Mar 7: Savannah Explorations

Submitted by Ben on Sat, 03/07/2015 - 10:15

[posted to the Wheeled Migration Yahoo Group on March 7, 2005]
I spoke -- or wrote -- too soon in my negative assessment of the Savannah Hostel. Although you can see at hotel review sites that other people have had bad experiences with the manager as well, he warmed up as the weekend progressed, and I really enjoyed talking with the guests from around the world, and that made up for a lot.

I started out Friday morning by going to the visitor center, since there seemed to be a consensus that that was the place to go, but it turned out to be little more than a ticket counter for the many commercial tours available: you can see the historic district on foot, on a rented bike, in a horse-drawn carriage, or in a noisy diesel bus made to look like a trolley.

My second stop was City Market, which I hoped would be a farmers' market, but it's a pedestrian mall. An Internet cafe there let me plug into the phone line, and I caught up with my e-mail over coffee.

Next I headed for the riverfront, where I saw containerships much taller than those I'd seen on the Mississippi, but shorter in length. I guess the channel on the Savannah River must be deeper than the Mississippi's to allow the taller ships. The main attraction on the riverfront is supposed to be the assortment of quirky shops, bars, and restaurants, but I've been through so many towns in the past month that storefronts don't make much of an impression anymore! But I enjoyed the way the place is laid out: the riverfront is so steep that most of the buildings' first and third floors are both on ground level, with the second floor only accessible by catwalk.

The trouble with historic districts is that they rarely have modern photo labs! My search for one led me to a mall in the southern part of town. On the way I stopped at a library to determine whether I needed to buy maps of North and South Carolina. I decided I did, and I was able to do so at the mall.

The traffic on the way back into town was just awful. Had I known I'd be out until rush hour, I would have put off some of my errands until Saturday! At least I didn't have my trailer along. I got back to the hostel, met the new arrivals (two young couples from Florida), and made a big mess of spaghetti. It's great to cook for myself for a change, with a real stove and perishable food and leftovers!

Saturday was more relaxed. I accompanied the folks from Alaska on a tour of the First Black Baptist Church, which was founded in 1775. I missed the beginning of the tour, so I'm not clear on whether it was a stop on the Underground Railroad or a coordination center. The best part of the tour was the guide, who has personally researched the history of the place and encouraged all her guests to question what they're taught in school about slavery and American history. One curious feature of the church that's still being researched is Hebrew graffiti on the ends of the upstairs pews! It was the guide herself who figured out that it was Hebrew script.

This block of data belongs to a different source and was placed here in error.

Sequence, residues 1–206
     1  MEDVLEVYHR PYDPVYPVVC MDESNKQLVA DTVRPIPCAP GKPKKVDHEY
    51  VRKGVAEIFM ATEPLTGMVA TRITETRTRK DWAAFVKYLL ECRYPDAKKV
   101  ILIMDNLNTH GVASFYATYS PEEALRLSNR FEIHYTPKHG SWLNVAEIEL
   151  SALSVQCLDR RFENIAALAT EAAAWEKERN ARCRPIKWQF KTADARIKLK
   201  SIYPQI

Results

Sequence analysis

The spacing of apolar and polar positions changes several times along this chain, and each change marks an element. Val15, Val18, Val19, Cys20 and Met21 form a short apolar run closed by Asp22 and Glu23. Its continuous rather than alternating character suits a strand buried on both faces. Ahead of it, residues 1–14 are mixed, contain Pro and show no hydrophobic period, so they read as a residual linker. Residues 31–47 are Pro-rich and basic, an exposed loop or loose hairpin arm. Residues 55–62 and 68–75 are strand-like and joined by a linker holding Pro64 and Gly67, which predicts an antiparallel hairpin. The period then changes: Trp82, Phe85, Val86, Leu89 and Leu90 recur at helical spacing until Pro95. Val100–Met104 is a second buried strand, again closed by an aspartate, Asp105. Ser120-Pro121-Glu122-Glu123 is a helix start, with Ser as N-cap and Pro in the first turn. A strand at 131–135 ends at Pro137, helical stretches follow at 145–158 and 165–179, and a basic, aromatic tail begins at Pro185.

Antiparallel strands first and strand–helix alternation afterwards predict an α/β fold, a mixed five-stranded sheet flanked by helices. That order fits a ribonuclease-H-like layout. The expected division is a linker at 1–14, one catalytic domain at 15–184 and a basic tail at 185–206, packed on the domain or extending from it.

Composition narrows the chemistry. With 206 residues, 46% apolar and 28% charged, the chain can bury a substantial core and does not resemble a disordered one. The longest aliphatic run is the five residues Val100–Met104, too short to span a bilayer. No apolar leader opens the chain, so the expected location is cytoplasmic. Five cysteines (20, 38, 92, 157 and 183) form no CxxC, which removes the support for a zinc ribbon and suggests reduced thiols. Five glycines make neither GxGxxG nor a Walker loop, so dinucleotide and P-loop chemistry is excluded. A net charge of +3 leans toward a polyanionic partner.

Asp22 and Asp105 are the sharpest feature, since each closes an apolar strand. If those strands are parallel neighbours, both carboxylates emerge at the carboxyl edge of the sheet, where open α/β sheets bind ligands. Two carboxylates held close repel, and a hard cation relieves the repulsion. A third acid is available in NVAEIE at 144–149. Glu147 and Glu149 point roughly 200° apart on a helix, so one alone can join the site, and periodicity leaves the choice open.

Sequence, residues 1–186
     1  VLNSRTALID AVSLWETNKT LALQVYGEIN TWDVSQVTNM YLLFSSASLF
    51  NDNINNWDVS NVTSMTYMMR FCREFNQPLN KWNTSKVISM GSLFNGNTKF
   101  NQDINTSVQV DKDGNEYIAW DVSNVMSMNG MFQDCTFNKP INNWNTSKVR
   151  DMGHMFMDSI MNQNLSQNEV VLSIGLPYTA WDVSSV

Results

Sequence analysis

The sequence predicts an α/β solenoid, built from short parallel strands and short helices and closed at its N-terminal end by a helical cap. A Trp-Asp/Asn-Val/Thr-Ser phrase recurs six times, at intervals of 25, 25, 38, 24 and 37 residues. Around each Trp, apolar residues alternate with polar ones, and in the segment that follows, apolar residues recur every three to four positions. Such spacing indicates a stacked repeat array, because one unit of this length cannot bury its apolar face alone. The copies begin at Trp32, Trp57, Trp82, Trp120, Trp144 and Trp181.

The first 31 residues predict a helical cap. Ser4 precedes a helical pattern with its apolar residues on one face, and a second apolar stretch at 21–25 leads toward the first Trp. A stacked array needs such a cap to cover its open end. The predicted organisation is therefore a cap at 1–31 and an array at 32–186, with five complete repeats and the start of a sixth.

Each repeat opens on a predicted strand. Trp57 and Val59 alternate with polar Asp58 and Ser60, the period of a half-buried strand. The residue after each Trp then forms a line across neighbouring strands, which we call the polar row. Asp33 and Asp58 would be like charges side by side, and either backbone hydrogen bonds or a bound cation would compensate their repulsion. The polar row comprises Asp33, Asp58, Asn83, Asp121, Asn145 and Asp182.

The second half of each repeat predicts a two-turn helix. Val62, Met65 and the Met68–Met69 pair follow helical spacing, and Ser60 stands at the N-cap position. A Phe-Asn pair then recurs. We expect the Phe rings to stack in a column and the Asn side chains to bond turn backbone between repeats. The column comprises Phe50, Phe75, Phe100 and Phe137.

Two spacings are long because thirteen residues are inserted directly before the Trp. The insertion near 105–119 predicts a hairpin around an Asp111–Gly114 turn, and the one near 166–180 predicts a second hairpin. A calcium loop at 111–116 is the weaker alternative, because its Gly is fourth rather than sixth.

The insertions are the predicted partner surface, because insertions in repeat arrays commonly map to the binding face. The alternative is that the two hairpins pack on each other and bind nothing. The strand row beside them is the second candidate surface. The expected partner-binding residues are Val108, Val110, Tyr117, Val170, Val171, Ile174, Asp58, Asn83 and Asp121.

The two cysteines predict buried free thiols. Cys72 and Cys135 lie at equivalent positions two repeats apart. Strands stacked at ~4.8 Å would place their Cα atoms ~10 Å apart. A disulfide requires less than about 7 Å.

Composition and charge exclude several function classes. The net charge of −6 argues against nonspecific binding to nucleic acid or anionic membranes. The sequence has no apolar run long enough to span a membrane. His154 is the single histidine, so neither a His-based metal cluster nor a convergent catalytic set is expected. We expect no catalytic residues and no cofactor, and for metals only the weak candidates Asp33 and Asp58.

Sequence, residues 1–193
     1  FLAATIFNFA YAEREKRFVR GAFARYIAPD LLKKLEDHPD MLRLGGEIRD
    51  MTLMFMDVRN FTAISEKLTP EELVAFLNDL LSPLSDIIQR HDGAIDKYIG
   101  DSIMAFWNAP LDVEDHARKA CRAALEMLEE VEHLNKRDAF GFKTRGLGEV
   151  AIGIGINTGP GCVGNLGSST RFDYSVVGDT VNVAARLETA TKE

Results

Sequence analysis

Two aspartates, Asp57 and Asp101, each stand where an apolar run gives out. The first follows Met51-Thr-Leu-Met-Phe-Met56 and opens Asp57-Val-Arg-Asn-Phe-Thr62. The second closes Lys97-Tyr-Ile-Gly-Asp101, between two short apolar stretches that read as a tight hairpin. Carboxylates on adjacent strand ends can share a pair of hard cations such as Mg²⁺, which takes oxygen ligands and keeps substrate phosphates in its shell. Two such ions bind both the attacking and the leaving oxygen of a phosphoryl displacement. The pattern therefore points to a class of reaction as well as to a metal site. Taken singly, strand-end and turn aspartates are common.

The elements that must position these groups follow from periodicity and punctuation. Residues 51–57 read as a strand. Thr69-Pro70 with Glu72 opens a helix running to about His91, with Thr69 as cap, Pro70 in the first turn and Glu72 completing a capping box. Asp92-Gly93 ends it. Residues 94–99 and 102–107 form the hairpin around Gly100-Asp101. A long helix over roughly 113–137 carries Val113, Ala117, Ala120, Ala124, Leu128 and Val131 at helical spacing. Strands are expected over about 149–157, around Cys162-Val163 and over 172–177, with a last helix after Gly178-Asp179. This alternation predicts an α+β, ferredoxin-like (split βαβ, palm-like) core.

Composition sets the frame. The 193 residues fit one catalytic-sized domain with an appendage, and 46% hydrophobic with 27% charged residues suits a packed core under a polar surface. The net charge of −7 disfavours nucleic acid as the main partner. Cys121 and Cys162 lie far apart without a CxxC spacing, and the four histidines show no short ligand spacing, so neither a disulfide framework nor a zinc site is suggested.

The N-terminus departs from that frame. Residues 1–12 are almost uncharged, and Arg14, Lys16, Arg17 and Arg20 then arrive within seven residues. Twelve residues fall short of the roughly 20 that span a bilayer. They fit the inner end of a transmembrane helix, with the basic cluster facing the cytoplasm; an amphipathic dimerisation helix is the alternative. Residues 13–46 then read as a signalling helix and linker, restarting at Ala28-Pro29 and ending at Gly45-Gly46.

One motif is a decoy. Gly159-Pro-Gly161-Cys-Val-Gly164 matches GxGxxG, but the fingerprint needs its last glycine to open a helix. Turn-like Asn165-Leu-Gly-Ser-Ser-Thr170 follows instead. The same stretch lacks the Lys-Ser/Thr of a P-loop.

I spent most of the afternoon researching my route through South Carolina at the library. Then I hung out at Forsyth Park -- sort of the Central Park of the historic district -- until the hostel's "lockout" period ended at 5:00. Forsyth Park is world-class people-watching. I think if I were playing People Bingo the only squares left uncovered would be women in hijabs and Hare Krishas.

A lot of new guests arrived at the hostel Saturday night, including a pair of young men from Australia and another from Japan. A college sophomore from Atlanta moved into the bunk above me and told me all about how the world works. I remember when I knew everything...

I stayed at the hostel until lockout Sunday morning (10:00) and then checked out the Tree Climbing Championships on my way to church. This is not kids' stuff, but the kind of climbing done by professional tree trimmers, with helmets and ropes and harnesses. The winners from this regional competition go on to the worldwide championships.

The UU Church of Savannah calls itself the Jingle Bells Church (http://www.jinglebellschurch.org) because John Pierpont was serving as its music director at the time he published "Jingle Bells" and a number of other ditties. He wrote the song while he was still living in Massachusetts... anyone driving a sleigh in Savannah would be pulling it through mud. I was interested to visit the church because most of the congregation were actual Southerners, unlike in Florida where they were mostly snowbirds from New York and thereabouts.

In the afternoon I rode out to Bonaventure Cemetery, which despite its fame is not shown on the tourist maps and not, as far as I can tell, included in any of the bus tours. As a result it was very quiet as well as beautiful, and I enjoyed it very much.

While I was riding in the cemetery, I heard a snapping sound from underneath me. I thought one of the welds in the seat back might have broken, since that was a recurring problem on my previous BikeE, but they were fine. A few minutes later I went to adjust the seat position and found that one of the two bolts that holds the seat onto the frame had broken in two! I scrounged for something to replace the bolt with and settled for a spare spoke -- it was a very narrow bolt -- but you can believe I rode very gingerly for the rest of the day!

I rode out to Skidaway Island State Park, southwest of town. Had I not known about the hostel, I would have tried to use the park as my base of operations while seeing Savannah... I'm very glad I didn't do that, because it's a long ride on narrow roads with lots of traffic. The hostel was much more convenient, despite its faults, and it cost the same.

Addendum: I got a replacement bolt on my way through town Monday morning, so you can stop worrying about my seat falling off. See you in Charleston! --Ben